If you don't want a noise-canceling set of earphones on your commute and Apple's EarPods mold fits your ears, the AirPods are an incredible set of ultra-portable headphones for your iPhone. That dental floss-sized case may have been mocked across the Internet, but it's perfectly-sized to slip into a jeans or coat pocket; I've taken to carrying the AirPods with me wherever I go, and it's ensured that I always have a good set of headphones when I need them. An extra plus is Apple's W1 chip, which makes pairing a breeze.Bottom line: Don't care about noise cancellation and want an ultra-portable in-ear option? Check out Apple's AirPods.Status: Released 2016. No current successor, though you can look to the $100 Beats X for an in-ear version with a more customized, noise-isolating fit (at the expense of a wired neck chain).
On a budget
My first set of wireless headphones were Jabra's Move Wireless, off a recommendation from Wirecutter editor Dan Frakes. Nearly three years later, they're still my go-to Bluetooth recommendation for iPhone users on a budget. They don't offer snazzy touch controls or noise cancellation, but despite that, you're still getting a solid overall sound and reasonable battery life — even years down the line.Bottom line: For users on a budget, you can't do better than the Jabra Move Wireless.Status: Released 2014.
Bose is best!
For years, the Bose brand has been the gold standard for active noise-cancelling headphones, and its new Bluetooth over-ear model continues that proud tradition. Though other brands have edged closer to the company's top-tier quality over the years, we still think Bose is the headphone manufacturer to beat.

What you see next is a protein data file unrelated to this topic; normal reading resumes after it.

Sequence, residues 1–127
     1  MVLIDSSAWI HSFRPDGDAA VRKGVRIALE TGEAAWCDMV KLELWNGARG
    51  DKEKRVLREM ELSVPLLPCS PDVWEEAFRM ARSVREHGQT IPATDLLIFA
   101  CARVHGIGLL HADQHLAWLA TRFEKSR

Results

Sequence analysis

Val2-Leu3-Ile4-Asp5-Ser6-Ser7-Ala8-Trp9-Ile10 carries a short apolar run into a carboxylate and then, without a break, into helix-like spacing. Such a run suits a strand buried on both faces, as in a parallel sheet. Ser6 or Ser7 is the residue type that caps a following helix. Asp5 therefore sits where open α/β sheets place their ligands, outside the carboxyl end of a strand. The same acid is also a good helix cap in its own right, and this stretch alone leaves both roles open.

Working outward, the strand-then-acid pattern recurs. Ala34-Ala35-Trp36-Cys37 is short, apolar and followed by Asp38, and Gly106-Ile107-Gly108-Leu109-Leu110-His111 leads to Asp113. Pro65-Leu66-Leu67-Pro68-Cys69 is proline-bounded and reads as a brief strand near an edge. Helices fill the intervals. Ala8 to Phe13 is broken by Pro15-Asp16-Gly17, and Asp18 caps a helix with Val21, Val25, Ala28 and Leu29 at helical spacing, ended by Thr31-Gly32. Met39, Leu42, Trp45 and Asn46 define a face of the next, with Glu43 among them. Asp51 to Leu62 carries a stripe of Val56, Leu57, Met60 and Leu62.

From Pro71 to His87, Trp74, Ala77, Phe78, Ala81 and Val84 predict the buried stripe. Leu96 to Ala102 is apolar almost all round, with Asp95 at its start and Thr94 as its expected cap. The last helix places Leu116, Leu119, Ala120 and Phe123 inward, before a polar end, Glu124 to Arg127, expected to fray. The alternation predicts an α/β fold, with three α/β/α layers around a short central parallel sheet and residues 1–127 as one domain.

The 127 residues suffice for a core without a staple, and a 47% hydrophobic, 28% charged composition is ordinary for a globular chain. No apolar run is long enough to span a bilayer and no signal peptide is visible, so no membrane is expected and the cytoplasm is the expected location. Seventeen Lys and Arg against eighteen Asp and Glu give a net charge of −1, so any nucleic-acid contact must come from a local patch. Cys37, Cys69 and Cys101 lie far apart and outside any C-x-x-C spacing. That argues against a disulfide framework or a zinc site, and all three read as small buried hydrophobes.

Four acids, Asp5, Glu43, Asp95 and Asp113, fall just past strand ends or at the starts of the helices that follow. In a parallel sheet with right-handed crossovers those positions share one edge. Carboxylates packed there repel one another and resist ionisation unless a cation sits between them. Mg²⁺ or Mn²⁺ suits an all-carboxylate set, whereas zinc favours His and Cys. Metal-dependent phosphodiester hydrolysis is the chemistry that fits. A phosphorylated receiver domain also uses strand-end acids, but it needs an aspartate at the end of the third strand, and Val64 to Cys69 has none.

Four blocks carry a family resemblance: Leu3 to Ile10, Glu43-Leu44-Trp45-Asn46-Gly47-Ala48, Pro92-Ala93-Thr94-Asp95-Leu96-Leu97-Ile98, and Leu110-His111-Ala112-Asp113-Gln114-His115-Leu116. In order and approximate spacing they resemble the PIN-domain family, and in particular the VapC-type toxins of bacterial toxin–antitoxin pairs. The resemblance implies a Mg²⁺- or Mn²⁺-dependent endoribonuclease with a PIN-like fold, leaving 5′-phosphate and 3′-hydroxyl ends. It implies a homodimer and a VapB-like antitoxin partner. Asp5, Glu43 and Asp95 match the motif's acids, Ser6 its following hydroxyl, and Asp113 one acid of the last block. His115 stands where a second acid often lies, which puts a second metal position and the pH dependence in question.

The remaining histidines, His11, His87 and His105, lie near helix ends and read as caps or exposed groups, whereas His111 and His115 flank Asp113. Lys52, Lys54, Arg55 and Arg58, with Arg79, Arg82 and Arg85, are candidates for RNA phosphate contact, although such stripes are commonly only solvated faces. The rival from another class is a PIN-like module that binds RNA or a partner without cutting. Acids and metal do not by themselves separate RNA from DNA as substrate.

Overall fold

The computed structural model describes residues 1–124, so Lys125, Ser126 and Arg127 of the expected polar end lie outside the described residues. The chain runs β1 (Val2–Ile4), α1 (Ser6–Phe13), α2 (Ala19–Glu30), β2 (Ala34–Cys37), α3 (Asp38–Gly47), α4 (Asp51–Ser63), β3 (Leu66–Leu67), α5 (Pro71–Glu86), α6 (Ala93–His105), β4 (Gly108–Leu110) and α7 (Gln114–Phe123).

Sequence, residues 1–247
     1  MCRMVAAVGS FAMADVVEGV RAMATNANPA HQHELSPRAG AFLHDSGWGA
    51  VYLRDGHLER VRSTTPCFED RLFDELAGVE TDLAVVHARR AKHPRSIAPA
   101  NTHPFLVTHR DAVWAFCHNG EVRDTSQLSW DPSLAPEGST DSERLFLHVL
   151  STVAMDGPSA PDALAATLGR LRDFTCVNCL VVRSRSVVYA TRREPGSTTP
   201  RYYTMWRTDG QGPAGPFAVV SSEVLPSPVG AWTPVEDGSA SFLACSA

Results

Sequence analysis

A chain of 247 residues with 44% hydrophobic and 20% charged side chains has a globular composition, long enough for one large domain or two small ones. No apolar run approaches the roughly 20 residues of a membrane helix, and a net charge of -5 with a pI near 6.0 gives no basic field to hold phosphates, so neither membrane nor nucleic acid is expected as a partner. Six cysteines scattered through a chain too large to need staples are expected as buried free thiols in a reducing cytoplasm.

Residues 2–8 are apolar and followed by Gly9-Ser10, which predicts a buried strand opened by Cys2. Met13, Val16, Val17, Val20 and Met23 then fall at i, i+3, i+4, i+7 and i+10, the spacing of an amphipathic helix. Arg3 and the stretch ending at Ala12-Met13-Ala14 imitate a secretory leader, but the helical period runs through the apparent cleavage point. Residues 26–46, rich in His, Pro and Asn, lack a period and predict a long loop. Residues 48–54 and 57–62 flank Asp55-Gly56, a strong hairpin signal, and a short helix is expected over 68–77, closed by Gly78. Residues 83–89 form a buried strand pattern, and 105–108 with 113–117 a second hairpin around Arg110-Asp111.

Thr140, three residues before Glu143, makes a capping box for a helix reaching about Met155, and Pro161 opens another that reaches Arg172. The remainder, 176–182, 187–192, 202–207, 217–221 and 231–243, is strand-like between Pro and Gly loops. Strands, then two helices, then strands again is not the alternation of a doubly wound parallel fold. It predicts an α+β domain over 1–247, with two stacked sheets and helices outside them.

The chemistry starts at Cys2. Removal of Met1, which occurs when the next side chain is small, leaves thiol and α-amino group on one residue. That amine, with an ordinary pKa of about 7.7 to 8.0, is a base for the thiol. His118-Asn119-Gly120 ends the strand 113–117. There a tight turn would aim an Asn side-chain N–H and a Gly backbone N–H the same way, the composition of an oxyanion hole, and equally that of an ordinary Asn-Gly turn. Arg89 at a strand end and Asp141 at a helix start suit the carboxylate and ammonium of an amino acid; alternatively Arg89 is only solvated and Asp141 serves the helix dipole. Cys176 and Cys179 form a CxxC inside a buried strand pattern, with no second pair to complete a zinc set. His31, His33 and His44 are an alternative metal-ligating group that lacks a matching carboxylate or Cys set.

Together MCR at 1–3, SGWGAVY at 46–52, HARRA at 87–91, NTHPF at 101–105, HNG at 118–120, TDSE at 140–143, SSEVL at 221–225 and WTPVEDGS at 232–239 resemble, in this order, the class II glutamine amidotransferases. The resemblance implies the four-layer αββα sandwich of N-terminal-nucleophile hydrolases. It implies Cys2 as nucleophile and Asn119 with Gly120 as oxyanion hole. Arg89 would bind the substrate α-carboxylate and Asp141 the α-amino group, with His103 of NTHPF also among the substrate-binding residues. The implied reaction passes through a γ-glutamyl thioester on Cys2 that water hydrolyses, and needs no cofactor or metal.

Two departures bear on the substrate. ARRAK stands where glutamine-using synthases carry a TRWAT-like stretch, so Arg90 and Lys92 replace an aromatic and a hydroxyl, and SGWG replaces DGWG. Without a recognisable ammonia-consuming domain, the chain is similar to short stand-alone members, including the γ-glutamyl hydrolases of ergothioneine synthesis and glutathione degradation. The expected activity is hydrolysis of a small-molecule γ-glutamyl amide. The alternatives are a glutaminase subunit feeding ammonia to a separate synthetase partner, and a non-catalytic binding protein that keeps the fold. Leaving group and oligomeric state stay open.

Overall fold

The QuietComfort 35 Series I (QC35 I for short) was the company's first wireless pair of over-ear noise-cancelling headphones, and it excels in comfort, quality, and muting the outside world. When it comes to rocking a good set with your iPhone for a flight or commute, the QC35 is simply the best.
Bottom line: If you want Bluetooth headphones that deliver on comfort, epic noise cancellation, and overall sound quality, you can't go wrong with the Bose QuietComfort 35 Series I.
Status: Released June 2016; its current successor is the QC 35 II, but the QC35 I is still our overall favorite.
Updated December 2017: The Bose QC35 Series I remains our favorite overall Bluetooth headphone pick for iPhone users.
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Serenity was formerly the Managing Editor at iMore, and now works for Apple. She's been talking, writing about, and tinkering with Apple products since she was old enough to double-click. In her spare time, she sketches, sings, and in her secret superhero life, plays roller derby. Follow her on Twitter @settern.